I want to conclude by thanking the families of the bereaved and campaigners such as Dignity in Dying for the progress that we are making on this issue—because progress is being made. Public opinion is changing. The Lords is almost there and the Commons is slowly coming in behind. I think that eventually we will provide the people of Britain with the right to choose their own end.
I do not plan to take the full six minutes, not least because we have heard so many really eloquent and brilliant speeches today. I pay particular tribute to Nick Boles and to my hon. Friend Paul Blomfield for their incredibly moving and powerful contributions.
I supported changing the law in 2015, and I would do so again. I pay tribute to the Members who came to this debate with an open mind and said that they have changed their minds for having the bravery and open-mindedness to do so. I still support changing the law because I believe that it is not working. I want to emphasise three areas where is not. First, there is the unfairness of the current situation. We have already heard that roughly one person a week goes to Switzerland. However, people go to Switzerland if they have the financial resource, practical resource, and, very often, emotional support to do so. We should not be condemning those without the financial resources to an end that is not of their choosing while other people can afford to go abroad. Even that, I would argue, would not be their first choice and is not the ideal situation, but at least they have the financial means and support to be able to make a choice of some kind. We should be giving that choice to everybody who needs it.
Secondly, the current law results in perverse outcomes. My hon. Friend Antoinette Sandbach pointed out that it results in people dying sooner than they should. I am not going to repeat those remarks because they put it far better than I could. I pay tribute to them for their speeches.
Thirdly, I want to touch on the issue of palliative care. This debate is often framed as a choice between good palliative care and the right to choose how to die, but that should not be the case. Of course we need to invest in good palliative care—we need the best that we can get—but even with the best palliative care, we cannot stop all suffering at the end of life. A person should have the opportunity to choose their way of dying in addition to the availability of great palliative care.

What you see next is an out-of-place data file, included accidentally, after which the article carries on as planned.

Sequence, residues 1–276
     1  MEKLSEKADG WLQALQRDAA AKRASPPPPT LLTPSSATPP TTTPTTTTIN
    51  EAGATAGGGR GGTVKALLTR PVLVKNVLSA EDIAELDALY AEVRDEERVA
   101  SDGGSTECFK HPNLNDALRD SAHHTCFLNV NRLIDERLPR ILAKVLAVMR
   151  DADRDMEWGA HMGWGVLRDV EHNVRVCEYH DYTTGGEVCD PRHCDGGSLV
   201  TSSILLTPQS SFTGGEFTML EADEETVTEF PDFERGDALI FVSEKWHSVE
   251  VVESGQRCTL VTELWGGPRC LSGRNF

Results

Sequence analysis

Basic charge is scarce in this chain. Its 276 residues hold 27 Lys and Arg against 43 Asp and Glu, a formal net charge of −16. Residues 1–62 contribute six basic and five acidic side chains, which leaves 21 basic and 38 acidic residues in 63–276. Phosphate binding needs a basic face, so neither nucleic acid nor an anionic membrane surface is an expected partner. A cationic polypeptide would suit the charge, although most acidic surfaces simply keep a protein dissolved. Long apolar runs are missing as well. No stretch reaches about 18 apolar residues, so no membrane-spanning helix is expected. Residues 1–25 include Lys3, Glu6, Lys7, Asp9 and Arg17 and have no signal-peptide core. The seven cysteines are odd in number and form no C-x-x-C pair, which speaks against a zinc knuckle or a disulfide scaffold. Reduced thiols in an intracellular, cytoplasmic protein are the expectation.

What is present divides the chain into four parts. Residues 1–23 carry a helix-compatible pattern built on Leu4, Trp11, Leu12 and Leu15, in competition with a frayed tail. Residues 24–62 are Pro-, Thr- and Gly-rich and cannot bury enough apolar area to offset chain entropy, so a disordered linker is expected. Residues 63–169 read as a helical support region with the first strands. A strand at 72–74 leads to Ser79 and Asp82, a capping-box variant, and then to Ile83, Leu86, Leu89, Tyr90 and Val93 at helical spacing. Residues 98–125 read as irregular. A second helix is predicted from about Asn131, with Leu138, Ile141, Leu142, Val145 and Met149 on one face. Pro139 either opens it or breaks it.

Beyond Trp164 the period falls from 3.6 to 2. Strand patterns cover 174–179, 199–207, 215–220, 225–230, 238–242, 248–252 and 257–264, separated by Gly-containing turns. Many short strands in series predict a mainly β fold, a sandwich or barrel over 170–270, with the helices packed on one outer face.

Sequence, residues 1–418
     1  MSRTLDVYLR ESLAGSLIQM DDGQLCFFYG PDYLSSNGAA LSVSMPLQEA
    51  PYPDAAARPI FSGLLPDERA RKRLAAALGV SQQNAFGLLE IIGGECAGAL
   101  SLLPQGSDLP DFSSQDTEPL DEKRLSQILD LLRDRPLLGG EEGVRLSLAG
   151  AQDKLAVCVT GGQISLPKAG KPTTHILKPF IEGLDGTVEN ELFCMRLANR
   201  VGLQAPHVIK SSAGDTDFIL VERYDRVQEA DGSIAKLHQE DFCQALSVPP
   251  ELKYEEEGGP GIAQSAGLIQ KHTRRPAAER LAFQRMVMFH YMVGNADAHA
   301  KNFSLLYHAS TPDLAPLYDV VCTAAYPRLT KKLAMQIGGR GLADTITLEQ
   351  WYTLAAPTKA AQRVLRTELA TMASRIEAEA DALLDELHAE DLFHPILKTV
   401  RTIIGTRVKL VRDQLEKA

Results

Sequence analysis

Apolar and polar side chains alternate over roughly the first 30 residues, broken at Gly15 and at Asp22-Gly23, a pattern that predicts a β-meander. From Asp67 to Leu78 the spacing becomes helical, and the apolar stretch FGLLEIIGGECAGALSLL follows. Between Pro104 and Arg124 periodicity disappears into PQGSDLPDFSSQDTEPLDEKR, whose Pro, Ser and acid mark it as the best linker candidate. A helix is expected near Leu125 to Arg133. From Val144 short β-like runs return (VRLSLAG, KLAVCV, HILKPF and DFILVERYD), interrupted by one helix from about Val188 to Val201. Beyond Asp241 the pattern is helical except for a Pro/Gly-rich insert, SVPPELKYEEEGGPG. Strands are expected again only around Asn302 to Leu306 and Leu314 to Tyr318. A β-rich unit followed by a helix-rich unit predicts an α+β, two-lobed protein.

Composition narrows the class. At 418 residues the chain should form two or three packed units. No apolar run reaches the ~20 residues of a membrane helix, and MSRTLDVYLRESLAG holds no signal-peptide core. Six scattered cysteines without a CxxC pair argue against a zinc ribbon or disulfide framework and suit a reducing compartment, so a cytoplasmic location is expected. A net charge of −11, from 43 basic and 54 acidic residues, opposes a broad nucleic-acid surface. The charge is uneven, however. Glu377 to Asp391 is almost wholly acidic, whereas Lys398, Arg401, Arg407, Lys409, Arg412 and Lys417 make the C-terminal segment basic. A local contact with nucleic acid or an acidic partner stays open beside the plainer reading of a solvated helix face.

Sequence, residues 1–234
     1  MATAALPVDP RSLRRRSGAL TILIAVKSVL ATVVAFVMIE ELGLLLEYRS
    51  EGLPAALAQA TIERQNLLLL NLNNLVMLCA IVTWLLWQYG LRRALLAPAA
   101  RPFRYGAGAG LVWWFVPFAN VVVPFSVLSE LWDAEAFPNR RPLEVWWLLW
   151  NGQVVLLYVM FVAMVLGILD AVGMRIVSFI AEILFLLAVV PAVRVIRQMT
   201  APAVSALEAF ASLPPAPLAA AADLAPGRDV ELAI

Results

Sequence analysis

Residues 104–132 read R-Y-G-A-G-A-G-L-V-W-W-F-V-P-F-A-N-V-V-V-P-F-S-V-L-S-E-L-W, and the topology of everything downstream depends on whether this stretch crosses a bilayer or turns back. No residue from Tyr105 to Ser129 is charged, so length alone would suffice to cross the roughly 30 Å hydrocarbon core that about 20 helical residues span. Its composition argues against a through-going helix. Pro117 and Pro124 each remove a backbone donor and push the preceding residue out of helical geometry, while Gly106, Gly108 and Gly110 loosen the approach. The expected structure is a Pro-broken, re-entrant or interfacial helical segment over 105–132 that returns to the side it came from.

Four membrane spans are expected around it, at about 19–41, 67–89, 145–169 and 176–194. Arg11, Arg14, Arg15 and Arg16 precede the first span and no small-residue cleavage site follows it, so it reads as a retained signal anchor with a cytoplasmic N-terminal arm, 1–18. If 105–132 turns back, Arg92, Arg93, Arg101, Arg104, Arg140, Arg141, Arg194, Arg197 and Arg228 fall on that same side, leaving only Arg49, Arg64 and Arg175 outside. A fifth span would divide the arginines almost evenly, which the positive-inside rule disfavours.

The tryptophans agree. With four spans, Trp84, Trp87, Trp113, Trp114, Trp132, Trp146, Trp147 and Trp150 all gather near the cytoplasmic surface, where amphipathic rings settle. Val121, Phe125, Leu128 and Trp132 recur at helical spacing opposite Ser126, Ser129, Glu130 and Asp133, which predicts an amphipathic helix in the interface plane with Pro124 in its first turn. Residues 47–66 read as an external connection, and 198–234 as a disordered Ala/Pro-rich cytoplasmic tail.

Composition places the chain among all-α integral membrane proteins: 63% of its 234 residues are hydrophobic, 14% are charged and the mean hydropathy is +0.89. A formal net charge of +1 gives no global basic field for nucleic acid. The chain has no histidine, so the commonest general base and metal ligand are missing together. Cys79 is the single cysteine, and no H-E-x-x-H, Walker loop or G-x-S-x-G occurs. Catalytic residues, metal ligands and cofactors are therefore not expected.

I also want to respond briefly to three points from the debate. First, I agree very strongly with the hon. Member for Grantham and Stamford in his request for a call for evidence to study the experience of Oregon and Canada. I do not share the pessimism of others that we cannot frame legislation that works for the people who need it to work, and gathering that evidence and learning from those examples will, I believe, allow us to do so.
I strongly disagree with Martin Vickers, who said that introducing assisted dying will lessen the value we put on human life. If we value human life and if we value people, we should allow them to live the life they choose, and that includes the death they choose.
My hon. Friend Lyn Brown quoted a statistic about the number of people in Oregon who gave being a burden as their reason for choosing assisted dying. That only tells part of the story, because people who request assisted dying in Oregon give several reasons—
People in Oregon and Washington give several reasons. In both those states, the most frequently given reason for requesting to die—by over 90% of people—is a loss of autonomy. Being less able to enjoy life is chosen by around 88%, and a loss of dignity is chosen by around 74%. It is important to tell the whole story with the statistics.